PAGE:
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Anti-pet coke activists blockade Detroit dock

Sarah Cwiek
Michigan Radio

 A group of protesters blocked trucks carrying petroleum coke from accessing docks on the Detroit riverfront Monday, as part of several nationwide actions against Canadian tar sands oil.

As one activist put it while issuing an “eviction notice:” “Marathon, Koch Brothers, Matty Moroun…We expect you to leave now.”

That didn’t exactly happen. But the activists did manage to turn several trucks away, and sent a message to the main players behind Detroit’s petroleum coke piles.

Marathon’s Detroit refinery produces the pet coke, a byproduct of refining Canadian tar sands oil.

The Koch Brothers—more specifically the company Koch Carbon, owned by Charles and David Koch—ship and sell the stuff as a low-grade alternative to coal.

And Ambassador Bridge owner Matty Moroun also owns the land that Detroit’s biggest coke piles are now sitting on (though it’s handled by a different company, Detroit Bulk Storage).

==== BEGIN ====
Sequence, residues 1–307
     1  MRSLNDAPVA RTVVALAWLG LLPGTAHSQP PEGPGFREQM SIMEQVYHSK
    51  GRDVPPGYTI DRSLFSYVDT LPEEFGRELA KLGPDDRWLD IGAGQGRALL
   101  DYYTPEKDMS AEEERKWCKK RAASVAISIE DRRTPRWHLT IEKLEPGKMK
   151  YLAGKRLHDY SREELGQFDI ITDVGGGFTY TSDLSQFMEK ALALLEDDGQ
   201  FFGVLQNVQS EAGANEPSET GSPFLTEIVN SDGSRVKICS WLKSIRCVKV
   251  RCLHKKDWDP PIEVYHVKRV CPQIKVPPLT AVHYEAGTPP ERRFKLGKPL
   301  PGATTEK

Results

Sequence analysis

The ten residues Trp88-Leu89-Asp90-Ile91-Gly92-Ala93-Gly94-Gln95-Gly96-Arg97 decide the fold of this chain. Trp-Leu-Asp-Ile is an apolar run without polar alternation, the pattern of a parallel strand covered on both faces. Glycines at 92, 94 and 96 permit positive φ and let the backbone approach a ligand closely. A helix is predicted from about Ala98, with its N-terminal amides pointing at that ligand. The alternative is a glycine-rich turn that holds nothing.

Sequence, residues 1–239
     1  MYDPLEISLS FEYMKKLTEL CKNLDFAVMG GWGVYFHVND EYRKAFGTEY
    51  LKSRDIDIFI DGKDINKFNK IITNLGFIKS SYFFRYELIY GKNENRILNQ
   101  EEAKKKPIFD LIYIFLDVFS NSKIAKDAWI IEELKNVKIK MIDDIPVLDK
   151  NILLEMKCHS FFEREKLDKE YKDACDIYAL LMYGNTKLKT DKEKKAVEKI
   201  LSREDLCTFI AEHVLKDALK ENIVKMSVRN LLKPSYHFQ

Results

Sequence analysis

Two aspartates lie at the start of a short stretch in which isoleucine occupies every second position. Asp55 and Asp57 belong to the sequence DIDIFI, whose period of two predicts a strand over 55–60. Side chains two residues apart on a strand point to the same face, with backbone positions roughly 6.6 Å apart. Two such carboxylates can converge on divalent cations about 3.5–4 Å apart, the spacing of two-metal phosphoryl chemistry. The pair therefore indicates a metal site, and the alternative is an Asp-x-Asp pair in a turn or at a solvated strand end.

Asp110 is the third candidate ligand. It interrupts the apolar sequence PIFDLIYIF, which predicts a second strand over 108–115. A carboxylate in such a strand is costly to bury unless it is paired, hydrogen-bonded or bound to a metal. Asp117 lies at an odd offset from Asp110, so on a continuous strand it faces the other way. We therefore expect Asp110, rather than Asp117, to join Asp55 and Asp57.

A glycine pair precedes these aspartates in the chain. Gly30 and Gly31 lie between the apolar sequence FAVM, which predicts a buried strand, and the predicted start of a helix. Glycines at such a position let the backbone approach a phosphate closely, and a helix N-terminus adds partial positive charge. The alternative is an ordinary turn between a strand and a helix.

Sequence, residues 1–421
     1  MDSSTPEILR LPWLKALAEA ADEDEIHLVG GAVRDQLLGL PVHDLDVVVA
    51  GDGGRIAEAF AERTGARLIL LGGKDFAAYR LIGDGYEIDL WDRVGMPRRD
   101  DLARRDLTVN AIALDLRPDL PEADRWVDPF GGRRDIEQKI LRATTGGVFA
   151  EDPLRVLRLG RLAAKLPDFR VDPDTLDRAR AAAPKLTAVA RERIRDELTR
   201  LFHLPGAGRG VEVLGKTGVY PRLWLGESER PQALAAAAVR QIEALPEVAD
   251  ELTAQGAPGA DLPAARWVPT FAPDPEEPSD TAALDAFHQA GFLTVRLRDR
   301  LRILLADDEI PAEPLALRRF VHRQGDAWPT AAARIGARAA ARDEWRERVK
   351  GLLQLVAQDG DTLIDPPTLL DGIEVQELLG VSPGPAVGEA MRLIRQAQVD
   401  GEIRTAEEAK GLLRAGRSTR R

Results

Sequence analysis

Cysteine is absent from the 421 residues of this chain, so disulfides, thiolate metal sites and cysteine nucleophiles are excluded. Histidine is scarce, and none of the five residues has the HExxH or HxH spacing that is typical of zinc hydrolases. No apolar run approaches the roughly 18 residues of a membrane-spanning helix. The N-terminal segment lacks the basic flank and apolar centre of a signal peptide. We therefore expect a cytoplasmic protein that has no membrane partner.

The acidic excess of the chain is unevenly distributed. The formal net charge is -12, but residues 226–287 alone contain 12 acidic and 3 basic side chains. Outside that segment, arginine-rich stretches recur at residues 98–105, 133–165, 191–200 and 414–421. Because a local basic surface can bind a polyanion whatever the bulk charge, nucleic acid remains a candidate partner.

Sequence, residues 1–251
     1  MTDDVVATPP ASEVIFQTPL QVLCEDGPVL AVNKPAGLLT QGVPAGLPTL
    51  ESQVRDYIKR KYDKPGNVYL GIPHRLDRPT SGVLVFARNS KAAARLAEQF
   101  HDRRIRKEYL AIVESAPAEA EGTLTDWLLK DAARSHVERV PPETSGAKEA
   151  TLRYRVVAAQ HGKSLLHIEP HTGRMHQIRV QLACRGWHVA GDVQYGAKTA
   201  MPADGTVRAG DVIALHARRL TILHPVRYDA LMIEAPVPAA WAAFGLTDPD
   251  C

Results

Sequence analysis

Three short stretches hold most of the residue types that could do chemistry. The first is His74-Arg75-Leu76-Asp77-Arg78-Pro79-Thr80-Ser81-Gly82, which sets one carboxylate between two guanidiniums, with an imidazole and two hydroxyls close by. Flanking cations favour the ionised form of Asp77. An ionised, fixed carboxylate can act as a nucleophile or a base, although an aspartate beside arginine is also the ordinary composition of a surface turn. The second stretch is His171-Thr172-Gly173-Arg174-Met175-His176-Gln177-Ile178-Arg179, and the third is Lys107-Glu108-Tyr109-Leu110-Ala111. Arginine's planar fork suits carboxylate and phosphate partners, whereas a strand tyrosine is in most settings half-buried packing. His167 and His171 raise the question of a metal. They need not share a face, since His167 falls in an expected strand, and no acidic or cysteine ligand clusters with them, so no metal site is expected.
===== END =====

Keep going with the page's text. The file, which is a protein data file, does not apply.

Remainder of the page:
Activists are worried about pet coke’s health and environmental impacts, especially since it’s still being stored in uncontained piles on the riverfront. But they’re also concerned about the larger impacts of tar sands oil flowing into the US from Canada.

Activists issued a list of demands. Some were grand in scale—halting the flow of tar sands altogether, and transitioning away from fossil fuels.

Others were more locally-focused, like demands that residents living near the coke piles be given access to baseline health tests, and that Marathon and other industries pay into a community health fund.

Many simply feel like Detroit's riverfront is being treated as a dumping ground.

“It’s a dirty industry, and they didn’t follow proper regulation,” said activist Stephen Boyle. “Right now we’re experiencing illegal dumping.”

A spokesman for the pet coke’s handlers at the site, Detroit Bulk Storage, says they’re working to address environmental and health concerns about the pet coke. They’ve begun spraying the piles with a sealing epoxy to make sure dust doesn’t escape, and have taken steps to seal the ground around the piles so there’s no contaminated runoff.

Anti-tar sands activists, whose campaign against the Detroit pet coke piles has drawn national and international attention, appeared to score a minor victory last week.

That’s when the Nicholson Dock and Terminalbacked away from plansto continue storing pet coke at that site.

Sarah Cwiek joined Michigan Public in October 2009. As our Detroit reporter, she is helping us expand our coverage of the economy, politics, and culture in and around the city of Detroit.
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